Why marijuana can be very dangerous to your blood pressure

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Scientists from Georgia State University have uncovered a concerning link between marijuana use and an increased risk of dying from high blood pressure.

Their study reveals that the risk could be as much as three times higher for marijuana users, which adds a critical perspective on the health impacts of this commonly used drug.

The research focused on adults aged 20 and older, who were part of a survey conducted back in 2005-2006. During this survey, participants were simply asked if they had ever used marijuana.

Those who answered “yes” were categorized as marijuana users for the study. To determine the duration of marijuana use, researchers calculated the number of years since the individual first tried marijuana up to their current age.

The study then matched this data on marijuana usage with death records from the National Centre for Health Statistics up until 2011. Among the 1,213 participants analyzed, 34% reported they had never used marijuana or cigarettes.

Interestingly, 21% had only used marijuana, and another 20% had used both substances. Additionally, there were individuals who had previously used both marijuana and cigarettes (16%), along with former smokers (5%), and those who solely smoked cigarettes (4%).

On average, participants had used marijuana for about 11.5 years. The results showed that the risk of dying from high blood pressure was significantly higher in marijuana users compared to non-users—3.42 times higher, to be exact. Moreover, each additional year of marijuana use increased the risk by 1.04 times.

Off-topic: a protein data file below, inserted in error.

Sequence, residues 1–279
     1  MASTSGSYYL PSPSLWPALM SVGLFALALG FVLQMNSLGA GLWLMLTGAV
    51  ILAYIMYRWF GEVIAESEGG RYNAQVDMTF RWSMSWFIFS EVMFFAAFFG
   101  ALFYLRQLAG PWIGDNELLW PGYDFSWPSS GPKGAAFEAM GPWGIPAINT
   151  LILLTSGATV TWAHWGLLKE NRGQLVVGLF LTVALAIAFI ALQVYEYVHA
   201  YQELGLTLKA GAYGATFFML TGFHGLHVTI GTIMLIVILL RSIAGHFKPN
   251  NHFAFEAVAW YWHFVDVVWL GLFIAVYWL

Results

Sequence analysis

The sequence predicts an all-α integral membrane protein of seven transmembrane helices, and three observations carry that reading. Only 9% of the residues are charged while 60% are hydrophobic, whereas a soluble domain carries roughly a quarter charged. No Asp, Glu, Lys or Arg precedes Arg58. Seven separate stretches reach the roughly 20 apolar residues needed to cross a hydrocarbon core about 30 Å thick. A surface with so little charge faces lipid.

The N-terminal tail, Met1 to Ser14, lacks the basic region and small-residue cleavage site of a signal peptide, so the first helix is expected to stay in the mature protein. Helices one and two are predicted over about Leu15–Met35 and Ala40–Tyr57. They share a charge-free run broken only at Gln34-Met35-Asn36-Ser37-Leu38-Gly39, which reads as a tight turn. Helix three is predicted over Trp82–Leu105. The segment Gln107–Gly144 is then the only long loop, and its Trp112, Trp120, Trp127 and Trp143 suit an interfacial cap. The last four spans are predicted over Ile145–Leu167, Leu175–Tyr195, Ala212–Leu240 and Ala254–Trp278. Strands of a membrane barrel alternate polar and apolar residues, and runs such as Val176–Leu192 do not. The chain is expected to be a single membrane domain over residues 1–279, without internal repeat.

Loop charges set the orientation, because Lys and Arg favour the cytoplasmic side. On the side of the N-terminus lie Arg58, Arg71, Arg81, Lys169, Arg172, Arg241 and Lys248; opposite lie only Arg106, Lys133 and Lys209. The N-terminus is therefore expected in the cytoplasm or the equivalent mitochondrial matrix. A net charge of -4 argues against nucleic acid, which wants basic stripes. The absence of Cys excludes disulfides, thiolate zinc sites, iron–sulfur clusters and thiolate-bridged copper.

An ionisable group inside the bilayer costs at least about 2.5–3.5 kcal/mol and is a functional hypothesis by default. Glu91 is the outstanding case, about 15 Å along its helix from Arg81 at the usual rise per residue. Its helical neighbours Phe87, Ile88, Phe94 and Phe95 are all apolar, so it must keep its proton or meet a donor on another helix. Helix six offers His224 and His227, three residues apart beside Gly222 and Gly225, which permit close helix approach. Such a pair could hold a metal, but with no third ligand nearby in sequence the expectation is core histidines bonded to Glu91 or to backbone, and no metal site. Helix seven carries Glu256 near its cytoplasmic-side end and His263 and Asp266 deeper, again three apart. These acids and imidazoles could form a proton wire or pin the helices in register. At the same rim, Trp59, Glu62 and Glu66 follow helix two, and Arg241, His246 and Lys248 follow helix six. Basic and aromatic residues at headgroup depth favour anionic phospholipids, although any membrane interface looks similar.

The impact of marijuana on the cardiovascular system can be severe. Marijuana activates the sympathetic nervous system, which can cause an increase in heart rate and blood pressure, as well as a higher demand for oxygen by the heart.

Emergency rooms have reported incidents of chest pain and even heart attacks following marijuana use, illustrating the acute effects it can have on heart health.

The study’s findings are particularly striking as they suggest that the heart-related risks of marijuana might be even more significant than those associated with cigarette smoking.

This study, led by Barbara A Yankey and published in the European Journal of Preventive Cardiology, serves as a crucial reminder of the potential health risks linked to marijuana use, particularly concerning blood pressure and heart health.

Given these findings, it’s essential for individuals, especially those concerned with or susceptible to high blood pressure, to be aware of and cautious about the potential risks associated with marijuana use.

This study prompts a broader discussion on the need for public awareness and potentially revising guidelines around the use of marijuana in light of its possible health implications.

If you care about cannabis, please read studies that what you need to know about cannabis and heart attack, and CBD from cannabis may help inhibit COVID-19 infection.

For more information about cannabis, please see recent studies that medical cannabis could help reduce depression, and results showing this stuff in cannabis may protect aging brain, treat Alzheimer’s.

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